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  • Hever Castle by Sarah Bryson

    Situated in the beautiful countryside of Kent, UK, Hever Castle was the childhood home of Anne Boleyn, one of the most famous women in English history.

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  • This week in history 27 April – 3 May

    On this day in history events for 27 April to 3 May.

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  • This week in history 23 – 29 March

    On this day in history events for 23-29 March.

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  • Hans Holbein the Younger by Sarah Bryson

    Hans Holbein the Younger is one of history’s most famous painters and it is thanks to his great skill and talent that we have so many paintings of the people of Henry VIII’s reign, including the great King himself. But who exactly was Hans Holbein the Younger and how did he come to the English court and catch the eye of Henry VIII?

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  • This week in history 16 – 22 February

    On this day in history events for 16-22 February.

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  • This week in history 26 January – 1st February

    On this day in history events for 26th January to 1st February.

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  • Cor Rotto: A Novel of Catherine Carey Book Tour Day 7 – Life in Exile

    An article by Adrienne Dillard on what life was like for Marian exiles like Catherine Carey and her husband Francis Knollys who fled to the Continent.

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  • This week in history 19 – 25 January

    On this day in history events for 19-25 January.

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  • This week in history 5 – 11 January

    On this day in history events for 5 January to 11 January.

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  • This week in history 29 December – 4 January

    On this day in history events for 29 December to 4 January.

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  • This week in history 22 – 28 December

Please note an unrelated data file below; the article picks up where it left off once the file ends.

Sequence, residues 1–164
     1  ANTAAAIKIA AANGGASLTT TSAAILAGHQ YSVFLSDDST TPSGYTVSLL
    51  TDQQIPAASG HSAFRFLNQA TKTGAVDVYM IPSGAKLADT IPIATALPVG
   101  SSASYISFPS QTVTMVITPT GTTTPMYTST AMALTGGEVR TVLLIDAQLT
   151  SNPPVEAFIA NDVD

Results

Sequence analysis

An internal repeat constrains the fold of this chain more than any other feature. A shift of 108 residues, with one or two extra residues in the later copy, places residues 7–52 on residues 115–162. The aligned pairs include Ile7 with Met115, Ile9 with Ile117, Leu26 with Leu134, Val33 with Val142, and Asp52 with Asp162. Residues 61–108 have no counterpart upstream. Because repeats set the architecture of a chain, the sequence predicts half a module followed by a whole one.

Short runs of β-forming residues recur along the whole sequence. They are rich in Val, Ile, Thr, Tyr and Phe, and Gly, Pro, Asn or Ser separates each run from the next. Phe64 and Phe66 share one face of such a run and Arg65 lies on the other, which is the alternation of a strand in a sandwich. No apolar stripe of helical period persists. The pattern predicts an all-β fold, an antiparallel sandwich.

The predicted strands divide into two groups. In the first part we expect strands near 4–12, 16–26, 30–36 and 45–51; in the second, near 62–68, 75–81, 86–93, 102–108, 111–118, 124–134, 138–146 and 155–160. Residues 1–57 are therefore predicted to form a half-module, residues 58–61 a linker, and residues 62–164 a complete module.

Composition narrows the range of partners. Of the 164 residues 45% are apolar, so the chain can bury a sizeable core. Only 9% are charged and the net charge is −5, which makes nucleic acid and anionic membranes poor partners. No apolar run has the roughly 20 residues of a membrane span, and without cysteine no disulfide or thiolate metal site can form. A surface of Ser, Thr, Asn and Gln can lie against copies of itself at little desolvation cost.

On this day in history events for 22-28 December.

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  • Tudor Life December 2014

    This is our BUMPER CHRISTMAS magazine, with an amazing 108 pages packed with facts, stories and fun related to the Tudor period, and of course to Christmas too!

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  • Historical Fiction Reviewers Needed

    We’re looking for reviewers for a novel. Can you help?

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  • This Week in History 29 September – 5 October

    This week in history events for 29th September to 5th October.

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  • This Week in History 22-28 September

    “On this day in history” events for 22-28 September.

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  • September 17 – Heinrich Bullinger

    A portrait of Heinrich Bullinger by Hans Asper

    On this day in Tudor history, 17th September 1575, in the reign of Queen Elizabeth I, Swiss reformer and theologian Heinrich (Henry) Bullinger died in Zurich.

    Bullinger succeeded Huldrych Zwingli as pastor at Grossmünster and head of the church in Zurich. His main work was “The Decades”, a theological work, but his sermons were also translated and published, and he wrote historical works.

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  • Happy New Year and the death of a king

    Happy New Year!

    In this video that I did for the YouTube channel, I talk about King Louis XII of France, first husband of Mary Tudor, sister of Henry VIII, and his death on this day in history, 1st January 1515.

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  • This week in history 8 – 14 October

    The Pilgrimage of Grace banner bearing the Holy Wounds of Jesus Christ

    8th October:

    1515 – Birth of Lady Margaret Douglas, Countess of Lennox. Margaret was the daughter of Margaret Tudor, Queen Dowager of Scotland and sister of Henry VIII, and Archibald Douglas, 6th Earl of Angus.
    1536 – The commons, i.e. the people, approved the petition of grievances drawn up by the rebels of Horncastle, Lincolnshire.
    1549 – Edward Seymour, Duke of Somerset and Lord Protector, was proclaimed a traitor by the King’s Privy Council.
    1561 – Baptism of Edward Wright, mathematician and cartographer, at Garveston in Norfolk. Wright is known for his treatise “Certaine Errors in Navigation” (1599), his work on Mercator’s map projection and his translation of John Napier’s 1614 Mirifici logarithmorum canonis descriptio into English.
    1594 – Death of Ellis Price (Prys), scholar and administrator. Price served Henry VIII as a Monastic Visitor in Wales 1535, Commissary-General and Chancellor of the diocese of St Asaph, and as an administrator in Wales after the “Acts of Union”. He also later served as Sheriff of Merioneth, Anglesey, Caernarfon, and Denbigh, and a member of the council in the Marches of Wales.